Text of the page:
- When cattle are being sorted outside hold herd. Don’t start
sorting without being asked.
- Don’t criticize a man’s horses, cattle, or dog.
- Don’t invite friends without permission. If you bring others
be responsible for their conduct. Ranchers appreciate help but
they need to know how many people are coming and their wives
often need to plan meals.
- Handle cattle slowly and quietly when possible.
- Don’t insist on handling cattle too slowly. That
mossy-horned, high-headed dry cow in the lead never went to a
Livestock Handling Clinic. Let the boss choose the pace.
- Arrive a little early and never late. When the boss says "be
here at seven" he imagines the crew saddled, mounted and
lined-out at that time, not a host of folk still brushing and
saddling their mounts or waiting idly for the last of the crew.
Ropers have special rules.
There are many methods and styles used in the branding pen --
heading-and-heeling, heading only, heeled and dragged to a stake,
and heeled and dragged to wrestlers. We use the latter and because
experienced wrestlers are had to find we stress safety. These rules
for ropers aren’t written in stone, but they make for good
Cooperate with the other ropers, Don’t compete.
Keep the herd quiet. Don’t get stubborn about getting a
particular calf. Rope the one that’s handy.
Use a long rope if you want, but take up your slack before
dragging the calf to the crew.
If your horse is seriously not behaving borrow another horse
or get out of the herd.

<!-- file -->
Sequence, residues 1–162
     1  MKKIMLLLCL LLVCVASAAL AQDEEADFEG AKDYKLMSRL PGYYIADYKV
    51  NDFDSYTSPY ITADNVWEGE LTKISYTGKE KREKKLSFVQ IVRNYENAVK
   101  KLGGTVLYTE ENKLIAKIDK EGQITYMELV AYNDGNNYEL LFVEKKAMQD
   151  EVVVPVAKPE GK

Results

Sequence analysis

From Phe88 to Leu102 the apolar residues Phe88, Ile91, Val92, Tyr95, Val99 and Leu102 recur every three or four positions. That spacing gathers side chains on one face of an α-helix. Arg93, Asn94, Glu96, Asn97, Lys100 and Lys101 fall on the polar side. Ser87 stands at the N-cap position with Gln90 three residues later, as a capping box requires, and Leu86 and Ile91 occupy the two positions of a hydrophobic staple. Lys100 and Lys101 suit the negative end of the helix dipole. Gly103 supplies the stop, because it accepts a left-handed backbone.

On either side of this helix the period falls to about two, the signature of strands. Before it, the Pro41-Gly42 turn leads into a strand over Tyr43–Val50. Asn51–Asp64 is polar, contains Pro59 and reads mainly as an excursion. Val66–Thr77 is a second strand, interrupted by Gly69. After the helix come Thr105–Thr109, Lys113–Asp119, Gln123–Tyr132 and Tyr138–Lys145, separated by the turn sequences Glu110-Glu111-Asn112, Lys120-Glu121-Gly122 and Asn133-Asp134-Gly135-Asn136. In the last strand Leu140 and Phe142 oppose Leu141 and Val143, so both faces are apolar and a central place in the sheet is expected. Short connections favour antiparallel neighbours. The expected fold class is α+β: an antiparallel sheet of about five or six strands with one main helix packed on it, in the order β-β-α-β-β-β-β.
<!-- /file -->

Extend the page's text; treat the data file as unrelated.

Be patient for the shot that gives you both hind feet. You
won’t always get it, but that should be your goal. Calves roped
by both feet are easier for the ground crew to handle.
All ropers can go through dry spells, but if you are simply
not getting calves you need to let someone else rope. And always
control your temper. Too often ropers who are not roping well
get frustrated and blame their horses,
Don’t rush the ground crew. Bringing in too many calves too
quickly might look impressive but it wears out the ground crew
and doesn’t allow the irons to stay hot. A good roper keeps one
eye on the ground crew. If you rope a calf but there are no
wrestlers free to handle it, don’t drag it in.
After you’ve dragged a calf in and someone has released your
rope, move quietly back to the herd coiling your rope as you go.
Don’t sit on your horse in the middle of the ground crew coiling
Cooperate with the ground crew. Getting the calf to them is
not the end of the job. If problems arise, the mounted roper
still has the most control.
When it’s possible and can be done safely, drag the calf
close to the fire. The people running the irons will appreciate
Don’t tie "hard and fast." There may be exceptions to this
but they’d be rare. Also, take time to keep your cinches snug
and don’t overwork your horse. Horses that become overtired or
sore can be unsafe. Remember, the emphasis is on safety.
And last but not least: Enjoy yourself. This rule is for
everyone including the boss. Working outdoors with good people,
good horses and good cattle is a blessing.